Maultaschen, a treasure of the German Gastronomy
Everything you never knew you wanted to know about the German specialty
China has dumplings, Italians love Raviolis, Russians eat Pelmeni, and Germany is proud of their Maultaschen. Maultaschen are a specialty of the Swabian cuisine (Swabian is a region in Germany in the state Baden-Wuertenmberg). The popular dish consists out of small bags made of pasta dough with a basic filling of sausage meat, onions, and soaked bread rolls or a purely vegetarian filling with cheese and spinach. In many family traditions, other fillings became very popular as well, for instance, cooked ham, spinach, smoked ham sausage, minced meat, or other leftovers that are found in the fridge. The Swabian Maultaschen have been protected by the EU in their designation of origin since 2009 and are part of the «Protected Geographical Indication» class. This means that at least one of the production stages – production, processing, or manufacturing – is passed through in the region of origin.
The Origin of Maultaschen
There are various legends about the origin of this dish. One says that in this way, the Cistercian monks of the Maulbronn monastery (hence the name Maultasche) wanted to hide the meat from the dear Lord during Lent, which popularly led to the nickname «Herrgottsbscheißerle» which means as much as «Lordscheat.» Slightly modified, it is said that it was Protestants who secretly added meat to the Maultasche, which was initially only filled with herbs and spinach. The tradition in Swabian families fits in with the fact that «Maultaschen served in broth is the typical dish on Maundy Thursday.
Other stories tell that the Maultaschen are just a Swabian copy of well-known Italian pasta such as ravioli and tortellini. Waldensians were Protestant religious refugees from northern Italy, who also introduced the mulberry tree, alfalfa, tobacco cultivation, and the potato in 1710 in southern Germany. This could make Maultaschen of Italian origin. The spinach filling also points to the Italian origin.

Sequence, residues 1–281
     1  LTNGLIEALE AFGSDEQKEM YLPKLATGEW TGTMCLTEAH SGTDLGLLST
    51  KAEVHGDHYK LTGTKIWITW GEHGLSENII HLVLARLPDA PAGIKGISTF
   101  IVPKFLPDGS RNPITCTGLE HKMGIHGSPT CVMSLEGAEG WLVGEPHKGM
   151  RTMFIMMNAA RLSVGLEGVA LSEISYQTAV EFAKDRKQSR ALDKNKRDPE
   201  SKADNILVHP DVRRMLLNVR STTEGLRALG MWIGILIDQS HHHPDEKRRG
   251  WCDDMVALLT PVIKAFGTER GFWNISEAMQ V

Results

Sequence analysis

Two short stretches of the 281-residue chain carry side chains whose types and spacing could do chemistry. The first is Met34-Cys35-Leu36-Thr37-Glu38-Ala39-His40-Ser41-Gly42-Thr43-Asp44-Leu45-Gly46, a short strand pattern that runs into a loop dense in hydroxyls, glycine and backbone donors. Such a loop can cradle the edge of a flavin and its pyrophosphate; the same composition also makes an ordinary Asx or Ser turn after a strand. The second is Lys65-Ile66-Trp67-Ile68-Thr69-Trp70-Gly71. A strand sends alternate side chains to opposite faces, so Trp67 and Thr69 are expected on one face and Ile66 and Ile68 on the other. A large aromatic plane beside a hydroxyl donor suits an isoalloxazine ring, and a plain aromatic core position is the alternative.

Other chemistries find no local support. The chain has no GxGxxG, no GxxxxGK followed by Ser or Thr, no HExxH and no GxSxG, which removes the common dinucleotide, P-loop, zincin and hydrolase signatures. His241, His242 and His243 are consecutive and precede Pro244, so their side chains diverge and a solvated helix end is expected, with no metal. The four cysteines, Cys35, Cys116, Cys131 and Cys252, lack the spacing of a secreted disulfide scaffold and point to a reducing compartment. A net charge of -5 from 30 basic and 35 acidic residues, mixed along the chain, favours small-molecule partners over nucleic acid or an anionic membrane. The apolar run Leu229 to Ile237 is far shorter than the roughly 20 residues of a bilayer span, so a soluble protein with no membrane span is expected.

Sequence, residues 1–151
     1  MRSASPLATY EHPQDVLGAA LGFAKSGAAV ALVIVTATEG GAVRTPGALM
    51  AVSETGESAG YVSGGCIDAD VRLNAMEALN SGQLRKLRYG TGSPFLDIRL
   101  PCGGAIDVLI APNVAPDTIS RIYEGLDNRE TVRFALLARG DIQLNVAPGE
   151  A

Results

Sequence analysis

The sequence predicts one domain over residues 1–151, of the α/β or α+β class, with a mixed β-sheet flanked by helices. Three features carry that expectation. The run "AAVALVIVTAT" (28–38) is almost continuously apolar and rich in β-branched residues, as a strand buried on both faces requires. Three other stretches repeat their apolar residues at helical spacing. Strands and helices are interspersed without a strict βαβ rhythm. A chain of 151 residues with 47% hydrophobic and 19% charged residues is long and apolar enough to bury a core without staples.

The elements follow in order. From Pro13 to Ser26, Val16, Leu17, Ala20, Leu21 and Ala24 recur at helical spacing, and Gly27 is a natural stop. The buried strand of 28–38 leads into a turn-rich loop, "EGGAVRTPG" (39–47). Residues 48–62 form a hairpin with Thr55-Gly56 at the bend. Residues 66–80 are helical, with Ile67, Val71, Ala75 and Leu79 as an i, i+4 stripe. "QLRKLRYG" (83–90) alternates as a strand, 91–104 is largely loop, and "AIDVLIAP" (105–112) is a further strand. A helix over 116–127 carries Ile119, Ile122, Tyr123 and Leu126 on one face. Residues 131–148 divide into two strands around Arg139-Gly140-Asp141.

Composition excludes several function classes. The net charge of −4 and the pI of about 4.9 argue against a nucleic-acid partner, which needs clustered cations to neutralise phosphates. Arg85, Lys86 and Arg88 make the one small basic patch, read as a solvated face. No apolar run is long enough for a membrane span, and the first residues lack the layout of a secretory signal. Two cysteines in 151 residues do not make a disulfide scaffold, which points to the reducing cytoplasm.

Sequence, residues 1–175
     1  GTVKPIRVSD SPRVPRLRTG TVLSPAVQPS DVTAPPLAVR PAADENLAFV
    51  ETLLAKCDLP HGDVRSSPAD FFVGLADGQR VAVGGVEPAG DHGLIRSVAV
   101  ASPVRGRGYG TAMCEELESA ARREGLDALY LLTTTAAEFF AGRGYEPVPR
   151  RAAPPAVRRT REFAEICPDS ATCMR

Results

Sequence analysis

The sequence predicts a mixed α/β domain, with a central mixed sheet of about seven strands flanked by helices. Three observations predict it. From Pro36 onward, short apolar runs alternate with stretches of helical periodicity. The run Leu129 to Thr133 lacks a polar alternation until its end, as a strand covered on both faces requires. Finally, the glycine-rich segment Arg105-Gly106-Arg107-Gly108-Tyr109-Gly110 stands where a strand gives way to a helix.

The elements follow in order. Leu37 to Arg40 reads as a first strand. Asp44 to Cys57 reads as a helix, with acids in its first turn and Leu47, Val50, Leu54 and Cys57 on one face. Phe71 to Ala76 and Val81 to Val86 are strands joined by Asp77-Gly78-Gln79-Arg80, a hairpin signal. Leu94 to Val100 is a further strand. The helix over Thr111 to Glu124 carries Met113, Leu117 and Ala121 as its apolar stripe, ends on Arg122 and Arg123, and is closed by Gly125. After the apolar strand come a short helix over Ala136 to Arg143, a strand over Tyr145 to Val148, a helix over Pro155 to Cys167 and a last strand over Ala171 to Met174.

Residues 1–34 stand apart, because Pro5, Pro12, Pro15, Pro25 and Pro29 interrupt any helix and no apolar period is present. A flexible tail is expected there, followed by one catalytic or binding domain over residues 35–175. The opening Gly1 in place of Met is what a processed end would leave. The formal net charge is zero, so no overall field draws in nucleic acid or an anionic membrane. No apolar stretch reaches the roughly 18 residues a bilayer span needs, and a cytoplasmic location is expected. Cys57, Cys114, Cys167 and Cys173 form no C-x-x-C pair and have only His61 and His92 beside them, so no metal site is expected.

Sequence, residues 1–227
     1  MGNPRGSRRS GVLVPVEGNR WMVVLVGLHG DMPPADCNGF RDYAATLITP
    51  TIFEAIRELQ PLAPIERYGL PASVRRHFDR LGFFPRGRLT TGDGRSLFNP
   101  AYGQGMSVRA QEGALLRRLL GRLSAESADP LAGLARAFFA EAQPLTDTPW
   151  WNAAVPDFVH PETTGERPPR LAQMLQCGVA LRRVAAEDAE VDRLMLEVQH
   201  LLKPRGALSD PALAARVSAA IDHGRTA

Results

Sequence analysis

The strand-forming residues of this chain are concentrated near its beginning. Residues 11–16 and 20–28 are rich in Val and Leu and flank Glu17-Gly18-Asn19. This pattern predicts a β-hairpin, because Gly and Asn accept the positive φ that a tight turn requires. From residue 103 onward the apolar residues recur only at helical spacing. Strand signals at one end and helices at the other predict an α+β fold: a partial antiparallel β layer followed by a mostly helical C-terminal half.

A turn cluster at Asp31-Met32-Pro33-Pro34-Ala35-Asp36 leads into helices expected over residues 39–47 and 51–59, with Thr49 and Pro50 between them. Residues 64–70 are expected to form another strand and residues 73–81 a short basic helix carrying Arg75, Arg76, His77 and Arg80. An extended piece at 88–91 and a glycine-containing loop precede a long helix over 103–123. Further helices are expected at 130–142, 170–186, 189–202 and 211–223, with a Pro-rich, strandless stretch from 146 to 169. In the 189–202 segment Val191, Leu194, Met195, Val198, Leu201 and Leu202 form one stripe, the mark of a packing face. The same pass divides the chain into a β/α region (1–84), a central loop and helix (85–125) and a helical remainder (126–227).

Regardless of the origin and the legends behind the Maultaschen, it is a dish everyone should give a try. While it can be found in every Swabian restaurant, it is nearly impossible to find a Restaurant in Barcelona, that serves this dish. However, this leaves you with a great opportunity to improve your cooking skills and learn something new.
How to prepare Maultaschen
You need the following ingredients.
For the dough:
- 300 g Flour
- 2 Eggs
- 59 ml Water
- 1 teaspoon Oil
For a meat filling:
- 1 Onion
- A bunch of parsley
- A bunch of chives
- 1 bun (preferably from the day before)
- 1 spoon Oil
- 250 g Spinach
- 20 g grounded Beef & Pork
- 1 Egg
- Salt and Pepper
For a vegetarian filling:
- 2 buns (preferably from the day before)
- A bunch of parsley
- A bunch of chives
- 400 g Spinach
- 250 goat cream cheese
- A bunch of spring onions
- A bunch
- 2 eggs
- 1 Spoon Oil
Instructions for preparation
Knead the dough ingredients into a smooth pasta dough.
For the filling, peel the onion and finely chop parsley or wild garlic. Sauté until hot in hot oil. Put the spinach leaves briefly in hot water, quench cold and let them dry thoroughly – if necessary, squeeze them out. Then chop finely as well. Soak the bun in cold water, then squeeze it out (preferably in a larger sieve) and pluck. Mix the meat or minced meat with the egg and the spices. Then add the other ingredients and mix everything well.
Curl the pasta dough into a rectangle on the floured surface and cut into smaller rectangles. Spread a little of each of the filling into one half of the rectangles, then fold the other half of the dough over it and first press down gently to let the air escape, then press down firmly. Bring to the boil in plenty of boiling salted water, then let it steep for about 20 minutes over low heat. Take out with a slotted spoon and drain.
You can serve the Maultaschen in a hot broth or roasted in butter and onions with a potato salad on the side.